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That's a wide open question. What is your level as a musician in general? Are you studying with anyone now? Taking lessons? You should at least be at the level where you know how to read a score. And if so, study the string writing for the kind of music you like. Other than that why not just post something here so that people can take a look at the specifics and give you some suggestions?

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I am not studying composition itself, but I am currently majoring in clarinet performance at the Mason Gross School of the Arts at Rutgers University. I will look at some scores at the library here at Rutgers. Thanks so much!

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Think about bowings in particular.  There's a world of difference between the way a piece feels if you just saw back and forth, down-bow for one note, up-bow for the next note, and careful use of slurs to add small natural accents and dynamics.  It's probably easiest to hear without the distraction of other things happening in a big orchestra piece, so maybe try looking at some pieces for solo violin and piano, or small chamber works.  As a general rule, down-bows give the strongest natural accent, up-bows give a slightly weaker accent and anything slurred in between naturally tends to hairpin dynamics and rubato.  Decide where you'll put your slurs so that when the bow turns around, it's somewhere that you want a little kick in the line anyway.  But a slur with staccatos marked underneath it, so that you stop the bow for each note, and then keep going in the same direction can be really satisfying in a whole body sort of way too.  Down bow followed immediately by another down bow is also immensely rewarding for strident, accented passages.  (A "bow circle.")  Lock yourself away from your roommates and try some air bowing.  You'll find certain patterns just feel satisfying for a given line of music.  It should feel a little like you're dancing.  (You don't have to mark every up and down bow.  String players know what makes sense.  But think about them when you're deciding how to place your slurs.)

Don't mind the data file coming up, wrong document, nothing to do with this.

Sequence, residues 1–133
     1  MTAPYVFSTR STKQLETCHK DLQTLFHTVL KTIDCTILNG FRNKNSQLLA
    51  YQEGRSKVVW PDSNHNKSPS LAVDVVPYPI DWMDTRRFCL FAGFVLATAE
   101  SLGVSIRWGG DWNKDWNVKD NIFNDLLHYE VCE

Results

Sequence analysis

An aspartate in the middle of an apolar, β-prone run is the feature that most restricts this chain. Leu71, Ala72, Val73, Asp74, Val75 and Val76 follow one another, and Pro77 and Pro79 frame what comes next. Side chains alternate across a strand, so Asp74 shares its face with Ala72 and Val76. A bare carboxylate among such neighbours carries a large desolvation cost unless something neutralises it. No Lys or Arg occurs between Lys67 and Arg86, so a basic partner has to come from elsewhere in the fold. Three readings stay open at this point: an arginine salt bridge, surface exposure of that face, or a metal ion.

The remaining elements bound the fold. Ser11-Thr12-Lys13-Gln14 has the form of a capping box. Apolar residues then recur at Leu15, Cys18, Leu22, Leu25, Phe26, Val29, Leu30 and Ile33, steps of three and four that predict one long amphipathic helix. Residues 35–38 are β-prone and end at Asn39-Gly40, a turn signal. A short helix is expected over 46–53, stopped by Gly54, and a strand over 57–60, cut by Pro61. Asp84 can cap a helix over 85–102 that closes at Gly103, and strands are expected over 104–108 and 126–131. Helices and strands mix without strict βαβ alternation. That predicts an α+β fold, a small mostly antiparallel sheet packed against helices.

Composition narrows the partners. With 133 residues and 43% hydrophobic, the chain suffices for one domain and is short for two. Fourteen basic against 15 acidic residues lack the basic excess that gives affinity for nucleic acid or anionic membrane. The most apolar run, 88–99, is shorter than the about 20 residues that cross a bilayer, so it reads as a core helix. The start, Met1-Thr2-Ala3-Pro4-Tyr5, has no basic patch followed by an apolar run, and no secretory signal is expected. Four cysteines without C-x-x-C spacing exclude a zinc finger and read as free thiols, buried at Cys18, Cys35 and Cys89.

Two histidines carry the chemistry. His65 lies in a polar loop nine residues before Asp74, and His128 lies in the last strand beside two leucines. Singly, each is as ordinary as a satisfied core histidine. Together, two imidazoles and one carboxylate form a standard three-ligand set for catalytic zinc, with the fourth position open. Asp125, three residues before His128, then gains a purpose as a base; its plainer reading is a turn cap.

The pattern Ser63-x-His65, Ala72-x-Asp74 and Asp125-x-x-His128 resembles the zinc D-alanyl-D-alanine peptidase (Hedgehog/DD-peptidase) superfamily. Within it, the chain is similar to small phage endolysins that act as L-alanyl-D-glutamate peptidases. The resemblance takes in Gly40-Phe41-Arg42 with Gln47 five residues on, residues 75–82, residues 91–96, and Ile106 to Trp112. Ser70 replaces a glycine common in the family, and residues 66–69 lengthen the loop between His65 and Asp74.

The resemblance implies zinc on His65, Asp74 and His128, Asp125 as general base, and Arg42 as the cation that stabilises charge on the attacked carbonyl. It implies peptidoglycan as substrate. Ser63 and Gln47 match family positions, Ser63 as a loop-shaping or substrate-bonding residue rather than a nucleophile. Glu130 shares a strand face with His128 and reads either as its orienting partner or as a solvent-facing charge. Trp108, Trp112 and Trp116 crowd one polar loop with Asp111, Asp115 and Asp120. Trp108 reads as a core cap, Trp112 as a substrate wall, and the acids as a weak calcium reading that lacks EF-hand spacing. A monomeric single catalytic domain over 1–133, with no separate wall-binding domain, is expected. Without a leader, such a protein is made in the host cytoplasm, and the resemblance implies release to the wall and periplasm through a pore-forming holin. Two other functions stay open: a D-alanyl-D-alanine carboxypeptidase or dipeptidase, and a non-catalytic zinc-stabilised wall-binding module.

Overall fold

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Great advice from @pateceramics. I'd suggest also picking a few string quartets to study and then listening to (or better yet, watching) performances.

Also, since you're at a music school, when in doubt talk to a string player. See if you can buy them a slice of pizza in return for demonstrating something for you.

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6 hours ago, Adrian Quince said:

since you're at a music school, when in doubt talk to a string player

+ 10!!!

Another method for learning bowing is to study the score while watching utube videos.  While not perfect, you can see how the performers handle different passages, as well as see different groups who may or may not bow the same way.  Now your conversation with the string player becomes even more educational.

 

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